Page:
In commissioning this feature, editorial fellow Rachel Moss asked contributors: how can we radically re-imagine the writing of history? Over the next few weeks, our contributors reply with creative new methods, sources and forms that they are using to reshape what history writing can look like. In this instalment, Sarah Knott writes hastily, ahead of waking’s interruption, about being a historian who is always with child in one way or another.
The Black Report, a landmark critique of health inequalities that barely discussed ‘race’, turns forty today. Grace Redhead and Jesse Olszynko-Gryn investigate the legacy of the report for the age of COVID-19 and Black Lives Matter.
The COVID-19 pandemic sheds light on the history of “facemask diplomacy”, in which contagion and epidemic become prisms through which power rivalries, tensions and aspirations are conducted – international politics wearing a facemask.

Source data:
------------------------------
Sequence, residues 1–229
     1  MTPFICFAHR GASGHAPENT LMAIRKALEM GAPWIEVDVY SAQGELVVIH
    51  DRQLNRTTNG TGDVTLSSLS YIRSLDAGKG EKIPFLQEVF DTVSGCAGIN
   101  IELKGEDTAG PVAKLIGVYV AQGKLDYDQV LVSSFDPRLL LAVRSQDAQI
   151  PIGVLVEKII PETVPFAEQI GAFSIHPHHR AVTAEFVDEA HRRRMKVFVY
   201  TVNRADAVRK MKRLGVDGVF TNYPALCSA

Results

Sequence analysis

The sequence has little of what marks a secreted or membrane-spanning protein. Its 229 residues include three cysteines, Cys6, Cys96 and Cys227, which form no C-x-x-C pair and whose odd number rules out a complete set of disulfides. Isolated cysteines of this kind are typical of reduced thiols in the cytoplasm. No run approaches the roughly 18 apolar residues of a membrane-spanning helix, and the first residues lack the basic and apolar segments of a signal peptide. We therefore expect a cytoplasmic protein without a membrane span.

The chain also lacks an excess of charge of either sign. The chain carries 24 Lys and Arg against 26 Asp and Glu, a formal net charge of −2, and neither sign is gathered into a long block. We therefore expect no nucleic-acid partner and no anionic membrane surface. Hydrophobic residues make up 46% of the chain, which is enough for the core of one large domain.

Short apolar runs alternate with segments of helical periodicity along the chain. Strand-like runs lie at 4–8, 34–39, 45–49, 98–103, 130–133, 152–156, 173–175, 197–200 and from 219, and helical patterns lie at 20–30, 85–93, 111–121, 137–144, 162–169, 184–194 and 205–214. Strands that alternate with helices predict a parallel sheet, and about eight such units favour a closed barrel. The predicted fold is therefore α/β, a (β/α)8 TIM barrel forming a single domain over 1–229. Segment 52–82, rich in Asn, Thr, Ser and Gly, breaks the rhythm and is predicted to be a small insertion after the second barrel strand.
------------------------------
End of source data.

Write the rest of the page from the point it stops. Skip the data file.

With Italy on the frontline of Europe’s Coronavirus outbreak, Rosa Salzberg examines how Renaissance Venice established world-leading measures to combat the plague, strategies we are still relying on today.
Bruce Campbell argues that interactions between climate and disease during the fourteenth-century Black Death can inform insights into Covid-19 and alter historians’ understanding of the nature of historical change.
What can the British provincial press tell us about the way pandemics have historically been experienced at a local level? Andrew Jackson proposes that such coverage offers vital insights into community-led responses to global public health crises in 1918 and 2020.
What can we learn from comparing past and present sensory experiences of illness? The senses are an essential avenue through which we navigate understandings and responses to disease. Further research into how people sense illness, both inside and outside of the hospital, past and present, can aid our understanding of the experience of sickness and recovery for individuals and societies, particularly at times of public health crisis.